Student Services Fee Funds House-Related Expenses

$954 fee goes to student advising, proctors

When Eliot House Committee (HoCo) co-chair Anna R. Himmelrich ’05 got her first termbill the summer before she arrived at Harvard, her parents noted the student services fee and promptly asked where the money, which currently amounts to $954, was going.

Himmelrich said she was initially startled to discover that the fee helped fund House costs and the Freshman Year Program.

“That much money is necessary for services above and beyond tuition, room, and board?” she wrote in an e-mail.

According to Associate Dean of the College Thomas A. Dingman ’67, the student services fee used to be included in the room rent, which comes in at $2,487.

But around 1978, the student services fee began to be billed separately, he said.

“Each college constructs termbills in different ways,” Dingman said. “Some bundle it with other expenses.”

In Harvard’s case, student services covers the cost of running House offices, libraries, security and tutorial programs, as well as other related building expenses, Dingman said. Dingman said the Freshman Year Program money goes towards the proctor and advising system.

“Each House acts as independent centers of tutorial, advising and record-keeping functions,” Dingman said. “[The student services fee] covers the expenses of being organized this way.”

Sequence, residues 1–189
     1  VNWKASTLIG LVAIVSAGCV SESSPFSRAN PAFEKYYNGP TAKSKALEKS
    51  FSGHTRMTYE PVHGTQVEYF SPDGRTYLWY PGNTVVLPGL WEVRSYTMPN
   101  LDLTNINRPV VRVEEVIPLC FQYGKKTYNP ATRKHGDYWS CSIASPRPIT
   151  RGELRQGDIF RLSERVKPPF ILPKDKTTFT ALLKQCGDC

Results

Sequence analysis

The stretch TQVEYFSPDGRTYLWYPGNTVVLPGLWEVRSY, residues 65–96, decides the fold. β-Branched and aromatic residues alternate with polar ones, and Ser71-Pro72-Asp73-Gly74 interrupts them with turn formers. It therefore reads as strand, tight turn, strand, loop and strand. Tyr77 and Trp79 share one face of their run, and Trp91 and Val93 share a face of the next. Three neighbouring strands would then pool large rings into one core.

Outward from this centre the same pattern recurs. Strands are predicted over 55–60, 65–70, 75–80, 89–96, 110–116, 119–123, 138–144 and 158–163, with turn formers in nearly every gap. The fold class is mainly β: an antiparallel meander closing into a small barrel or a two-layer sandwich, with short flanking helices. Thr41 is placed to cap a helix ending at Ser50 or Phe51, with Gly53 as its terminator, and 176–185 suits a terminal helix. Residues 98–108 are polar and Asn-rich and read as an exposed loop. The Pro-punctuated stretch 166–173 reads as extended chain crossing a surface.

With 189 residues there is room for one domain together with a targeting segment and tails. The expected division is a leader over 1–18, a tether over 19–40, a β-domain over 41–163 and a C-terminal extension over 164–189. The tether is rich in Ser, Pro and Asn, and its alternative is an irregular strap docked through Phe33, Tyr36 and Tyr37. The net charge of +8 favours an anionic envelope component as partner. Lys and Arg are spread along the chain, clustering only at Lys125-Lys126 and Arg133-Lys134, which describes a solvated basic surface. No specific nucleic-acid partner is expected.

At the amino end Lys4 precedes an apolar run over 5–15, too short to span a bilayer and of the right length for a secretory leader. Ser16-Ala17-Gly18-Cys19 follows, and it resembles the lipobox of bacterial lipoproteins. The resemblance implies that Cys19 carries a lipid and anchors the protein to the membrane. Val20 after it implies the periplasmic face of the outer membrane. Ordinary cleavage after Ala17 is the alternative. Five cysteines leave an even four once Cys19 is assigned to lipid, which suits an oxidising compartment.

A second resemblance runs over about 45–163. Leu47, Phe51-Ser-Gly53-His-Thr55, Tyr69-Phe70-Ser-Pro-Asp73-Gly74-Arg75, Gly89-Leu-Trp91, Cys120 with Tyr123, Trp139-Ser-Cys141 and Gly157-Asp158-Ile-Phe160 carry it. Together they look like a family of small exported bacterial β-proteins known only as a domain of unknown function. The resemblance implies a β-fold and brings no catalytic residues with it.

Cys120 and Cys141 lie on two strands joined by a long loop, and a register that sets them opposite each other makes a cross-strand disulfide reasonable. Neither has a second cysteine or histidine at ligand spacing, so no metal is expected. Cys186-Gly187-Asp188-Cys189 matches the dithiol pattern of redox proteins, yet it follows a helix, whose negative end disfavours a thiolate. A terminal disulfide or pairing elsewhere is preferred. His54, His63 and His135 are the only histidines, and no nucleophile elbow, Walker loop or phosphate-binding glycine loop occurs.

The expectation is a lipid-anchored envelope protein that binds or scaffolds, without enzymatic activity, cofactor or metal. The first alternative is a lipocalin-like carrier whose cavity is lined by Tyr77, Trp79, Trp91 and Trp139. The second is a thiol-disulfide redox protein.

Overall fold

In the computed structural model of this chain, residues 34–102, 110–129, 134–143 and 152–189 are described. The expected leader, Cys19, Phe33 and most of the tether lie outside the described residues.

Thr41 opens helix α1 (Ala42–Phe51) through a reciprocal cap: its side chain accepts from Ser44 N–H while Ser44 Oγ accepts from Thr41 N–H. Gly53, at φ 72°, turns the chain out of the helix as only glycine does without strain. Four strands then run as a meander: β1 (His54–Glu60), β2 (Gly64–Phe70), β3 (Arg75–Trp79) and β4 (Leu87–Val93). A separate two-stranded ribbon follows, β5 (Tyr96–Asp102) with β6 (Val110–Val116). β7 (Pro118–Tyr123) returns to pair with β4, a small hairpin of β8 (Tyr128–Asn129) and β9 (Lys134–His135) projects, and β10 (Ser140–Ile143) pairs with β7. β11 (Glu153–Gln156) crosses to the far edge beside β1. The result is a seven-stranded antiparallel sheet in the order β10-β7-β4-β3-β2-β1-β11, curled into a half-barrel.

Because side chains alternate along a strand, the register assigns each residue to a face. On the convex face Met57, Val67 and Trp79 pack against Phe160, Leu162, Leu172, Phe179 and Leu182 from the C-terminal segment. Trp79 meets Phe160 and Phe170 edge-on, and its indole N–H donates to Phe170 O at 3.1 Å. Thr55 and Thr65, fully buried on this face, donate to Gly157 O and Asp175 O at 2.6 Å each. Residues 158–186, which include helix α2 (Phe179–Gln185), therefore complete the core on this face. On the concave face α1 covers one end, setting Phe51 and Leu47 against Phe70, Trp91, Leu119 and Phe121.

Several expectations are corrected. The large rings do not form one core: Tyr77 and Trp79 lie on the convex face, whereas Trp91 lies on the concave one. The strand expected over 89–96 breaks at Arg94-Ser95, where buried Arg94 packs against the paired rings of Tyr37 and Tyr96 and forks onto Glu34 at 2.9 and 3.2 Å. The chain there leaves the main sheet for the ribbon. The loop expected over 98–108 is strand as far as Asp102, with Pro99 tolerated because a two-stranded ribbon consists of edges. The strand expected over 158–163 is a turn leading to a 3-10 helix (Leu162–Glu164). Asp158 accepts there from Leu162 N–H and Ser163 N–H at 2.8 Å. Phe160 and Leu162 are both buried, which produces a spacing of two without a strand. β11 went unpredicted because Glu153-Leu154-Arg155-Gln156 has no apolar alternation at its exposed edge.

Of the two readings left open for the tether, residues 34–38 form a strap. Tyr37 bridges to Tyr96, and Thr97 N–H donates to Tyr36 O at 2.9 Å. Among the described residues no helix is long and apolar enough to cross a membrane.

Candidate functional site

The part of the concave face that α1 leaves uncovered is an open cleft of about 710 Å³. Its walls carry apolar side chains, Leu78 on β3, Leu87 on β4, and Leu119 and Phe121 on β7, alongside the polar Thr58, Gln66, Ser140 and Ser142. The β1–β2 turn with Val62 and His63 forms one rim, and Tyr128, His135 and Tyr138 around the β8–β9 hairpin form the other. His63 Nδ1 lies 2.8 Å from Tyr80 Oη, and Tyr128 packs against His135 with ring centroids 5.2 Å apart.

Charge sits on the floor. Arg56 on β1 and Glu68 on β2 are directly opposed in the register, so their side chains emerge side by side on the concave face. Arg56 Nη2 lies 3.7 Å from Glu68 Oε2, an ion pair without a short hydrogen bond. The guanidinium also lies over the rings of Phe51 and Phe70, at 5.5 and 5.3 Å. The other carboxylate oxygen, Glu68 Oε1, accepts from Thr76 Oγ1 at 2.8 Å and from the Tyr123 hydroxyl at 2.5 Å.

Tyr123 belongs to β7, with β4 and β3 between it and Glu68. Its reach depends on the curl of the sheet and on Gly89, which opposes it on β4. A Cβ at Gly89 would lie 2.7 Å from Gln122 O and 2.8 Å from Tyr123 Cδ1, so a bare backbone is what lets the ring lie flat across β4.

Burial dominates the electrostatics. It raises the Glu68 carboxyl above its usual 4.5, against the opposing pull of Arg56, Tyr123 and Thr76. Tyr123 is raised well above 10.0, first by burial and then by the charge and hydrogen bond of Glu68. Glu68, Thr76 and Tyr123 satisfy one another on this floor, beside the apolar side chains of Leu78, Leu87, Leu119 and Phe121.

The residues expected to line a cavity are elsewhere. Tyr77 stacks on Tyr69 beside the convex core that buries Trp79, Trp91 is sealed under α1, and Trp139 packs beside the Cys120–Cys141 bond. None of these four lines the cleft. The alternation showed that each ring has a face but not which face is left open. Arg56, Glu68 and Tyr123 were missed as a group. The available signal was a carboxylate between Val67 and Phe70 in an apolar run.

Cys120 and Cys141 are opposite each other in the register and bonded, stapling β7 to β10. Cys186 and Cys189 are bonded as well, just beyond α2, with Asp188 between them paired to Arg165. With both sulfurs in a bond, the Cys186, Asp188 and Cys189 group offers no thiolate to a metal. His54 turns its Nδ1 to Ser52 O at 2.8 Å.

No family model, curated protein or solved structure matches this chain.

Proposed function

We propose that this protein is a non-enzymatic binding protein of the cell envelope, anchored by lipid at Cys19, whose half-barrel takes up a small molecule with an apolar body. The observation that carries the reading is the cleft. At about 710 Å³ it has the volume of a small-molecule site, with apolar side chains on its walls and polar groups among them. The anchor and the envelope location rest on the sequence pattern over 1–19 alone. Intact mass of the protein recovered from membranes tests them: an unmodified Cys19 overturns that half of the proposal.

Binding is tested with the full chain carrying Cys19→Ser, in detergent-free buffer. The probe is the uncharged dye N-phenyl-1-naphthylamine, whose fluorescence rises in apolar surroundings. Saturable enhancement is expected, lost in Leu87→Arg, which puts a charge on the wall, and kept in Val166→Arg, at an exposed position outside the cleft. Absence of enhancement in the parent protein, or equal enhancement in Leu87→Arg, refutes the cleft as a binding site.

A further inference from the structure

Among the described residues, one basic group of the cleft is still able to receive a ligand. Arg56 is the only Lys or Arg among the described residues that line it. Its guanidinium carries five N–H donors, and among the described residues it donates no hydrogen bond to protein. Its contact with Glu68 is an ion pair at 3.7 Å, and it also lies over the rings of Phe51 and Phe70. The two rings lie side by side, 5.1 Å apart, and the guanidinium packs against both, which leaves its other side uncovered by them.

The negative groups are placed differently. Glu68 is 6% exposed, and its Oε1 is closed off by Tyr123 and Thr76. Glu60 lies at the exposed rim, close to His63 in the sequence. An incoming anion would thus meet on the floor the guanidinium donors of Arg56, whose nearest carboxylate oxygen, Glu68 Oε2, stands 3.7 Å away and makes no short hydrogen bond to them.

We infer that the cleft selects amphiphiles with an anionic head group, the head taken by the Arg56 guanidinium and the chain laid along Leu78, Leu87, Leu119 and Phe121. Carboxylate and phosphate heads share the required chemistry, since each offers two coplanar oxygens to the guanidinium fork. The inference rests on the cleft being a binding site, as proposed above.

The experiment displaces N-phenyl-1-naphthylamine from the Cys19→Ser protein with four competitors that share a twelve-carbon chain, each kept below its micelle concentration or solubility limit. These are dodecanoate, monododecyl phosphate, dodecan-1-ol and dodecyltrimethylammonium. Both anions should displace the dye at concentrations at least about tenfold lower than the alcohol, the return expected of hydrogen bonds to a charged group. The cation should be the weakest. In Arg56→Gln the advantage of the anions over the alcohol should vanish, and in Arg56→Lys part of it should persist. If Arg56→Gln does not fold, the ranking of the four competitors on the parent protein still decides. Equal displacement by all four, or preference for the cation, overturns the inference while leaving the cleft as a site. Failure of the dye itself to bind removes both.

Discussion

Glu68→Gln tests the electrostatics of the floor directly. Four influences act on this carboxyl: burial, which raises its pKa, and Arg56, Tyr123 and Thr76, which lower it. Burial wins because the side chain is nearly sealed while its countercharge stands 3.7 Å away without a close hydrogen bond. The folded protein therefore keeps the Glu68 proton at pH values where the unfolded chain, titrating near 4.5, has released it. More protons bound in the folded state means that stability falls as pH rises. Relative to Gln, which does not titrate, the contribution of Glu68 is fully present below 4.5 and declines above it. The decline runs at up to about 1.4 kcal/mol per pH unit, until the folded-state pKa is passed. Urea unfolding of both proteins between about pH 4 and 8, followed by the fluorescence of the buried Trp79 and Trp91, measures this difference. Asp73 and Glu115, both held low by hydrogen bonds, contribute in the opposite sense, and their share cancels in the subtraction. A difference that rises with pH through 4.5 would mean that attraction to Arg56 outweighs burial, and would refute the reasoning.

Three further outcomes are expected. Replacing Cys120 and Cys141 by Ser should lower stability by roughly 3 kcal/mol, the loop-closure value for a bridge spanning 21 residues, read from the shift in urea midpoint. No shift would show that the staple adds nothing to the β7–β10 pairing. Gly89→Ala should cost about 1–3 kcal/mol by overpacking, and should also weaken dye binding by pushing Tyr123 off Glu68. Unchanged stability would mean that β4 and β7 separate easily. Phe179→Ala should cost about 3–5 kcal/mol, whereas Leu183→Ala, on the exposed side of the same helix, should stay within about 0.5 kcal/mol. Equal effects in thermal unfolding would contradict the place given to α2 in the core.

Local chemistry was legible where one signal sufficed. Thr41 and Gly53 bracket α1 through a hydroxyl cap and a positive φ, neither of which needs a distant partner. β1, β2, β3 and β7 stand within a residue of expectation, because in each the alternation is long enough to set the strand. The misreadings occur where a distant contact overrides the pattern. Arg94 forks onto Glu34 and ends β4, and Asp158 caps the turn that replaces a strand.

Part of the student services fee, Dingman said, is also funneled towards staff appointments that ensure that student records are kept up to date and confidential.

After three years at the College, Himmelrich said that she now sees the $954 as a worthwhile investment.

“My experience at Harvard has been shaped by these opportunities to be part of the dynamic, diverse and fascinating Eliot House community, and the role of dedicated faculty and staff is inestimable to the creation of that environment,” she wrote. “The House communities set Harvard apart from other undergraduate experiences, and as someone who really loves and cares about my House, I think it’s money well spent.”

And while Currier HoCo Secretary Lacey R. Whitmire ’05 admitted that she was not previously aware of where the student services fee went, she said that her experiences in the Yard as well as in her House justified the cost.

“[My first-year proctor] definitely helped our entryway bond and transition into college more smoothly,” she wrote in an e-mail. “And in Currier House, as well, I’ve had a good experience with tutors and advising.”

But Whitmire noted that her positive experience with tutors and advising was more often than not the exception.

In opting to come here, Dingman said students are “buying a residential plan that ensures personal attention.”

But Laura E. Martin ’05, a Dunster House resident, said that when it came to advising and housing issues, she felt the fee had not been used to its full advantage.

“It doesn’t seem to be very helpful at this point, and there isn’t much of an attempt for House advisers to reach out to students besides the occasional pre-law or pre-med panel,” she wrote in an e-mail.

—Staff writer Margaret W. Ho can be reached at